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‘Country’s Greatest Songwriters’ Come to Elmont
The traditional image of country music is of a singer/songwriter strumming his guitar and singing songs about his own life and experiences. There’s a lot of truth in that image, as such country legends as Ernest Tubb, Hank Williams, Loretta Lynn, Willie Nelson and Kris Kristofferson have made their names singing their own songs.
But they sometimes sang songs by other writers, equally brilliant (if lesser-known) in their own right, people like Elsie McWilliams, Fred Rose, Cindy Walker, Harlan Howard, Hank Cochran and Shel Silverstein. They were the artists behind the artists, but their stories have rarely been told.
Now Tennessee Walt is telling those stories in “Tennessee Walt’s Three Chords and the Truth: Country’s Greatest Songwriters,” an all-new show that looks at the people who wrote—but didn’t sing—some of country’s greatest songs, appearing at the Elmont Memorial Library on Friday, April 24.
Tennessee Walt is an Elmont favorite, having presented all four of his previous shows—"The Other Great American Songbook” (2016), “Bristol & Beyond: The Birth of Country Music” (2017), “Hanks a Lot!” (2018) and “Riding with the Outlaws” (2019)—in the library’s magnificent auditorium.
“People don’t think of this part of the Island as a country area,” the singer said, “but I’ve played shows in Florida, Michigan, Tennessee and Texas, not to mention all over Nassau, Suffolk and Westchester, and I’ve rarely found an audience more knowledgeable, curious and interested in learning new things. I come a ways for these shows—I live in norther Queens—but I’m happy to do it. Elmont is a show I look forward to each year, maybe my favorite each season.”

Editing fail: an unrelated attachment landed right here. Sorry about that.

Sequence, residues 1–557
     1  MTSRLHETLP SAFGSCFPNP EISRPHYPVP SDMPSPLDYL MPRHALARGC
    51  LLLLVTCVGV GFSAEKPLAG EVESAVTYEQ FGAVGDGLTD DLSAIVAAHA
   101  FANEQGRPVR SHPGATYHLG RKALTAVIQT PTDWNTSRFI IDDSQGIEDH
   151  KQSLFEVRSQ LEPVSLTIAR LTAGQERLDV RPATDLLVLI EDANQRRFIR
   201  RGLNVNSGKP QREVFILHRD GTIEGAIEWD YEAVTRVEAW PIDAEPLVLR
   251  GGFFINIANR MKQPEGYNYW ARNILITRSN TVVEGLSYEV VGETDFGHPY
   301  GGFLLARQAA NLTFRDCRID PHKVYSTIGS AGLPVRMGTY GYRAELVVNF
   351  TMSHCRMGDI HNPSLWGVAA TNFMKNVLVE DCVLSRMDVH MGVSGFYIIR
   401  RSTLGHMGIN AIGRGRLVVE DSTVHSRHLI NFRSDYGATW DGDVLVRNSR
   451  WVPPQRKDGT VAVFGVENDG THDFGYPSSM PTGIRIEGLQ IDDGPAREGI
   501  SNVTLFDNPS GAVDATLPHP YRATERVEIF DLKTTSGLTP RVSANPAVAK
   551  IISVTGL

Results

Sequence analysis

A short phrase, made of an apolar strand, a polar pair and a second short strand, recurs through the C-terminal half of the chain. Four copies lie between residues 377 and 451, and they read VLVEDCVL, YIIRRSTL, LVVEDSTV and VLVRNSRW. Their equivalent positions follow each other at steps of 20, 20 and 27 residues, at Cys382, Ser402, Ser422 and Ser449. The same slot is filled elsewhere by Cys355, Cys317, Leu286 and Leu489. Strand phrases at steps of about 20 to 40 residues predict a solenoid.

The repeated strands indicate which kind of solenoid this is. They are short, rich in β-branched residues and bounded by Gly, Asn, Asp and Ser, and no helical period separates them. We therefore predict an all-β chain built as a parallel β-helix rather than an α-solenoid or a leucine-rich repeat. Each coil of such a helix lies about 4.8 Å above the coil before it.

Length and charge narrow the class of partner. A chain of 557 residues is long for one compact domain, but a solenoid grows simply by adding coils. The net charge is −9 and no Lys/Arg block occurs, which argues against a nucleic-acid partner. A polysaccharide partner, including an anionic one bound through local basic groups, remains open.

The artists who are profiled in the new show aren’t household names. They’re the likes of Elsie McWilliams, Fred Rose, Cindy Walker, Harlan Howard, Hank Cochran and Shel Silverstein. Cochran, Howard, Rose and Walker are all in the Country Music Hall of Fame, and McWilliams and Silverstein should be, but even many hardcore country fans have no idea who they were.
“You may not know their names,” Wren said, “but you know their songs: ‘Hobo Bill’s Last Ride,’ ‘Blue Eyes Crying in the Rain,’ ‘You Don’t Know Me,’ ‘Heartaches by the Number,’ ‘Make the World Go Away’ and ‘A Boy Named Sue’ were all written by these men and women.
“People like Hank Williams, Loretta Lynn and Willie Nelson were brilliant songwriters,” he continued, “but they were also great judges of songwriting, and they knew a song that would be great for them when they heard it. Williams’ ‘Lost Highway,’ Lynn’s ‘I Want You Out of My Head’ and Nelson’s ‘Always on My Mind’ were all written by other people, and they deserve some of the credit for those songs becoming classics.
“This show is a chance for the people behind the songs to get their day in the sun.”
“Three Chords and the Truth” (the title is from Harlan Howard’s famous definition of a country song) is the fifth show from Tennessee Walt, following on the heels of “The Other Great American Songbook,” “Bristol & Beyond: The Birth of Country Music,” “Hanks a Lot!” and “Riding with the Outlaws.” Those shows have been enthusiastically received in dozens of venues in the greater New York area, as well as in Florida, Michigan, Tennessee and Texas.
“Tennessee Walt’s Three Chords and the Truth: Country’s Greatest Songwriters” will be presented on Friday, April 24, at 12:30 p.m. at the Elmont Memorial Library, 700 Hempstead Turnpike in Elmont. Admission is free. For further information, call (516) 354-5280 or visit www.elmontlibrary.org.